I was struck yesterday by an article at Reds Army, which pointed out that not only does Rondo still lead the league in playoff triple doubles since 2008, despite losing out on two years' playoffs now due to injury, but that he and Lebron are waaaaay ahead of the rest of the league in what they call "crazy eights" - getting at least 8 in three major statistical categories. As we all know, until the last couple of years, Rondo did have a tendency to consciously go for triple doubles if he knew he was close (I don't think he does that much anymore), and he's even said as much. His dominance -- right alongside Lebron -- in Crazy Eights, however, shows that his triple doubles are not statistical anomalies.
All that is surely a significant indication of what a special player Rondo is, but still the writer felt that he had to add this caveat...
Just to be clear, I don’t think it’s the end-all, be-all stat, but I do think that it can show how a single player can greatly impact a game. Sure, guys can chase them but that usually happens when it’s closer to the end of completing the triple-double. Larry Bird got several of them but always did it within the context of the game, as did Magic Johnson. For the most part, Rondo’s are the same, especially in the playoffs. (EASY, I’m nowhere near suggesting he’s even close to the same caliber player of those two).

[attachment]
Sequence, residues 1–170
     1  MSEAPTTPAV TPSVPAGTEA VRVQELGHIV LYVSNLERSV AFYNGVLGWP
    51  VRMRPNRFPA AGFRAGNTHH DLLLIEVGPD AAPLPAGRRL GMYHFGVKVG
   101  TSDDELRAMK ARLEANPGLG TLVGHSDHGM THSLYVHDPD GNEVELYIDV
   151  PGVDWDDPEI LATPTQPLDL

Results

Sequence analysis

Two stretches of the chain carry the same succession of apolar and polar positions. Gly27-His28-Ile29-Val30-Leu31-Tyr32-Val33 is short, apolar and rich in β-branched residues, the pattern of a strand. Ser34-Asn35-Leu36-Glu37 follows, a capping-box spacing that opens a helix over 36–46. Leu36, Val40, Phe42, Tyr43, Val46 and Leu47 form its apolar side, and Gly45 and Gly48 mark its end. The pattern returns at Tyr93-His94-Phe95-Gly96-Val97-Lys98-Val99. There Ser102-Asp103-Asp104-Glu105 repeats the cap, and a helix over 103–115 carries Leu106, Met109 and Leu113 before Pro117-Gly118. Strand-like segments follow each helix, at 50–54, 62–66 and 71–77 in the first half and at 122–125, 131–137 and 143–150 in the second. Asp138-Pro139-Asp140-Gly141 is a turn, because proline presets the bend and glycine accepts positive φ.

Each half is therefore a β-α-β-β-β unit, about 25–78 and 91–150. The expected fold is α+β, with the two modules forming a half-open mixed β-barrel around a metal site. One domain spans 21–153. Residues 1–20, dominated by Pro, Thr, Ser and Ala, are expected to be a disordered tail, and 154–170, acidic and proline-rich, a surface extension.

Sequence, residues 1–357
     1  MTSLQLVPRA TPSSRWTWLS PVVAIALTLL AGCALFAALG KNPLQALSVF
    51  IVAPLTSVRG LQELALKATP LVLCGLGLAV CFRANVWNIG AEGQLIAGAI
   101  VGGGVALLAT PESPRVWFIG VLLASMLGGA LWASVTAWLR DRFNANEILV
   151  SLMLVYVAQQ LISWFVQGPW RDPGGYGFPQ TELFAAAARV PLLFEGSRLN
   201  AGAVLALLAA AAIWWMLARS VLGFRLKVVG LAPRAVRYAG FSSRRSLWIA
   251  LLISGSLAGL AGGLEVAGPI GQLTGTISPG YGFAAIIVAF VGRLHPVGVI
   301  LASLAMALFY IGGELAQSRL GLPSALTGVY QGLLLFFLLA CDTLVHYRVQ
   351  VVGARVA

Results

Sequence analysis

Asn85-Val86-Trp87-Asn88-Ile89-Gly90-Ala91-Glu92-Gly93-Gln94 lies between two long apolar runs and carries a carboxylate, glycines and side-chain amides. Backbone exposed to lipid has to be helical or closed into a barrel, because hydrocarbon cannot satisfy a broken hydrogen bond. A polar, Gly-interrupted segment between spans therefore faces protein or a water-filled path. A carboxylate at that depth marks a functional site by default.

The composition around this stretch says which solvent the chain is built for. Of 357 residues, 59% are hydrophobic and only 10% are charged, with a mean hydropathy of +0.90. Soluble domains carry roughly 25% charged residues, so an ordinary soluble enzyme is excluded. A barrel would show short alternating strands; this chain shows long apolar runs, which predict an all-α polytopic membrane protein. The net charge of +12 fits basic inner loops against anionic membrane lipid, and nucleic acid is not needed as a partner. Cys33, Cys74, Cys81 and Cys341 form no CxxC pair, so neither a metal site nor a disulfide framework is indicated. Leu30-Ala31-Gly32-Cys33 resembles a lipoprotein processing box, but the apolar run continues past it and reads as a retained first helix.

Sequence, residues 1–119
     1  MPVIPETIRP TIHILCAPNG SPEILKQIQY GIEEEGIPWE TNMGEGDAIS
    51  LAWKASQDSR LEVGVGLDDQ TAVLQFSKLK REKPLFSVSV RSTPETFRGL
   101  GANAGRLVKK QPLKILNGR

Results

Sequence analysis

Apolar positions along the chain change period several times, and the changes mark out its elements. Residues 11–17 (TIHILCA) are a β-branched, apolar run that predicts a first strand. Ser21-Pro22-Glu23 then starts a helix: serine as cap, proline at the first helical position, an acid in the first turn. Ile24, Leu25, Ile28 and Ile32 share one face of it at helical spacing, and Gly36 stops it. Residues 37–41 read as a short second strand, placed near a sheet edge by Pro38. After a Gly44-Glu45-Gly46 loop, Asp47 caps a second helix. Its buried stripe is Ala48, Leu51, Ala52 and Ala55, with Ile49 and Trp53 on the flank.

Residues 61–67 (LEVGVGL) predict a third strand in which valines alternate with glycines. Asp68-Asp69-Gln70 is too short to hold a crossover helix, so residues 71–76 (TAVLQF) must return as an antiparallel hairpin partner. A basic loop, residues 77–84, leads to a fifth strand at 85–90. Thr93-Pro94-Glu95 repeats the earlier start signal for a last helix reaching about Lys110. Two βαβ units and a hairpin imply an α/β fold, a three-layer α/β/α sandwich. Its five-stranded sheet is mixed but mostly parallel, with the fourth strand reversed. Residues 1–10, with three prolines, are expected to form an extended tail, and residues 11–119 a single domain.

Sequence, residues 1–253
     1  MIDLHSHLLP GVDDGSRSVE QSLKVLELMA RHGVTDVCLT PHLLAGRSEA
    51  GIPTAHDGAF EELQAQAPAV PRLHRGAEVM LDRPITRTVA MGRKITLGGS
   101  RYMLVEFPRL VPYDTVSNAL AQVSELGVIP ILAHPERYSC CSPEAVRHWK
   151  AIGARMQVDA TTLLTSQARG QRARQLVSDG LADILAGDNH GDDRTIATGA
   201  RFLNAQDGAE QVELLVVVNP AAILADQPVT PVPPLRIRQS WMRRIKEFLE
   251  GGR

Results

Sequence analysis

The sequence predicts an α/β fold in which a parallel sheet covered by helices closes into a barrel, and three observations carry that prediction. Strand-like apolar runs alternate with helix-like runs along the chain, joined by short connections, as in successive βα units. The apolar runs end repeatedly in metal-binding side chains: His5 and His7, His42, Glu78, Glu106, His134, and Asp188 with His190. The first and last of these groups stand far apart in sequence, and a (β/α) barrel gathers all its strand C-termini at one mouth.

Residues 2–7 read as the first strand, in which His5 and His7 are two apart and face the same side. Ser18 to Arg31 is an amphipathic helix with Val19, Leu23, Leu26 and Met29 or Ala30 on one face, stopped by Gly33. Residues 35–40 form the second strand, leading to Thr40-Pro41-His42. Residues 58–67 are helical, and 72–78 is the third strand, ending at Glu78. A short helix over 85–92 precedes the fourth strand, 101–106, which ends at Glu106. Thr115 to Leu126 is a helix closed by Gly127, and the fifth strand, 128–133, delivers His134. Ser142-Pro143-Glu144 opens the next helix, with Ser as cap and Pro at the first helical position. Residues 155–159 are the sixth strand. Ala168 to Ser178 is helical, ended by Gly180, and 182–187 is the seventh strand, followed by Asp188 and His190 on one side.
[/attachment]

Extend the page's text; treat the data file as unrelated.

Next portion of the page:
How often do we see caveats like this used in connection with Rondo? It seems to me that they have become standard, automatically thrown in as something expected, 'de rigeur'. I'm sick of it. Rondo clearly
is on par with such guys, in some ways, and the admiration guys like Larry and (especially) Magic have shown for Rondo make it obvious that they think so too. I swear to God, Magic has all but appointed Rondo his successor. That ought to tell people something.
Of course, Rondo's game has some pretty serious flaws, which have been discussed endlessly, always with particular enthusiasm by the Haters. But it's beyond reason to continue to deny that some aspects of Rondo's game are very elite. His toughness is rightly legendary. His competitiveness the same; I don't know the last time we saw a player who raised his game in the playoffs like Rondo. But most of all, Rondo is a truly great playmaker. It's no longer reasonable to deny this. The eyes alone should tell a person this. Of course I can speak only for myself, but I've never seen anyone play opposing defenses as though they were on a string the way Rondo does. Yes, he walks the ball up and kills the pace too much. He needs to change that. Even Heinsohn, who loves Rondo to death, has called him out for that one. But it was quite a revelation this season to watch Rondo manipulate opposing defenses over and over and over again, almost invariably setting up shots for his teammates ... which they often bricked, or failed to get off at all ... yet even so Rondo managed to average about what he's been doing for several years now (if you take away Rondo's first six rust games, he easily averaged over 11 apg for the season).